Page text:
They say that news is something that someone, somewhere, wants kept quiet. Cam Slater doesn’t do quiet and, as a result, he is a polarising, controversial but highly effective journalist who takes no prisoners.

He is fearless in his pursuit of a story.

Love him or loathe him, you can’t ignore him.

To read Cam’s previous articles click on his name in blue.

The Legend that is Tom Scott, and the absence of feared leaders

Alex Fensome had  chat with cartoonist Tom Scott

As a boy, Muldoon had been bullied by other children, and had learned to get his punch in first.

Scott found his depiction of Muldoon as a ridiculously short and fat man hilarious, but the prime minister was deeply wounded by it. It seemed to bring up many of the insecurities he hid so well.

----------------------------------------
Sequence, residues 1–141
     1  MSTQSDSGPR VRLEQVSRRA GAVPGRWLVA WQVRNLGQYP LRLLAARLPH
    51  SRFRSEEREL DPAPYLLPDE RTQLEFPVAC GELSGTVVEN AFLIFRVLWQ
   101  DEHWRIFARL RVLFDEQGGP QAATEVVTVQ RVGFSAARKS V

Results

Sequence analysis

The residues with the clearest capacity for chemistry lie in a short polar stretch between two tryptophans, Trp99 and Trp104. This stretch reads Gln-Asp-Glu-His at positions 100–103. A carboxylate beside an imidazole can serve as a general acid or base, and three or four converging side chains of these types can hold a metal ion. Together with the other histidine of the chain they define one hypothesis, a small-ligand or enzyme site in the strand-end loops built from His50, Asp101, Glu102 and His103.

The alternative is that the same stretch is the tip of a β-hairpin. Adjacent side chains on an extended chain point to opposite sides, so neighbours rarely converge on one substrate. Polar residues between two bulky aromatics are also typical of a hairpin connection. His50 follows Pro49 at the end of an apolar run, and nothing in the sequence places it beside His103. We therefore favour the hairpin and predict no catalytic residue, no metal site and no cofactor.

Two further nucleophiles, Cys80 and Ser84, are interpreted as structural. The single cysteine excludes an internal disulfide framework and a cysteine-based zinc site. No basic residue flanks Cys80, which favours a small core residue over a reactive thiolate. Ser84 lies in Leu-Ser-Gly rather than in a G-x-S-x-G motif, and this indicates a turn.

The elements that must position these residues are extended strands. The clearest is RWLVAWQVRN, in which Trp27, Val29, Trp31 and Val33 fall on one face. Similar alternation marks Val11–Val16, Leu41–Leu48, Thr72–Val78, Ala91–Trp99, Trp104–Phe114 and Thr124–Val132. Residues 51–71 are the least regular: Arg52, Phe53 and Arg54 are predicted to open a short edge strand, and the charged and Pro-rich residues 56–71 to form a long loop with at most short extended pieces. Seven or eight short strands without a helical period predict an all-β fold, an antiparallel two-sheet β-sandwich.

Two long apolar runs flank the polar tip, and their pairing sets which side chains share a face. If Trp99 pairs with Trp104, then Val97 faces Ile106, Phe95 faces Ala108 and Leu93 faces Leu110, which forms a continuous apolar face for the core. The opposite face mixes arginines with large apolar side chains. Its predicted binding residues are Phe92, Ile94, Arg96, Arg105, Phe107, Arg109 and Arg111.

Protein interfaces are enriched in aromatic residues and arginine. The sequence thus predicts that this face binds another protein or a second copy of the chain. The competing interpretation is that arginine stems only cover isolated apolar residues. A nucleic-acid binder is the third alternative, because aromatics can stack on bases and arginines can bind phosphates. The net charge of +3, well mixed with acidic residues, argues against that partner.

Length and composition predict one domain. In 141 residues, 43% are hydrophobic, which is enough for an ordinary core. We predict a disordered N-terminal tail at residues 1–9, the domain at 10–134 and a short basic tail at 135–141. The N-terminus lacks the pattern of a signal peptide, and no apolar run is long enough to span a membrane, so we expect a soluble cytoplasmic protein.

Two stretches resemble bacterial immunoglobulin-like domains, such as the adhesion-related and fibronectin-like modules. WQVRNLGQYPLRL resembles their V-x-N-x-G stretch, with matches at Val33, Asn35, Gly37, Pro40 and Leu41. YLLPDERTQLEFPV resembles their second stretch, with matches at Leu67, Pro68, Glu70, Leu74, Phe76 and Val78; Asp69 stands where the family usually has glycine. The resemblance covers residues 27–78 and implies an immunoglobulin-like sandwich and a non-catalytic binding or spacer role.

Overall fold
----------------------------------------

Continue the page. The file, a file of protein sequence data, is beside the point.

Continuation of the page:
For the rest of his parliamentary colleagues, though, even those in National, it was refreshing. “His colleagues would come up to me and say, ‘Tom, I loved the Muldoon cartoon, shove it up the little bastard’.”

About a year into his time at Parliament, Scott ran into the prime minister in the corridor. People think he made this story up, but he insists it is true.

Scott leans back in his chair and puts on the famous Muldoon accent. “Ah, Mr Scott, saw an article of yours in The Listener . . . didn’t know you could write.”

“I didn’t know you could read,” he replied.

Awesome.   Worthy of Churchill and Thatcher.   Read more »

As much at home writing editorials as being the subject of them, Cam has won awards, including the Canon Media Award for his work on the Len Brown/Bevan Chuang story. When he’s not creating the news, he tends to be in it, with protagonists using the courts, media and social media to deliver financial as well as death threats.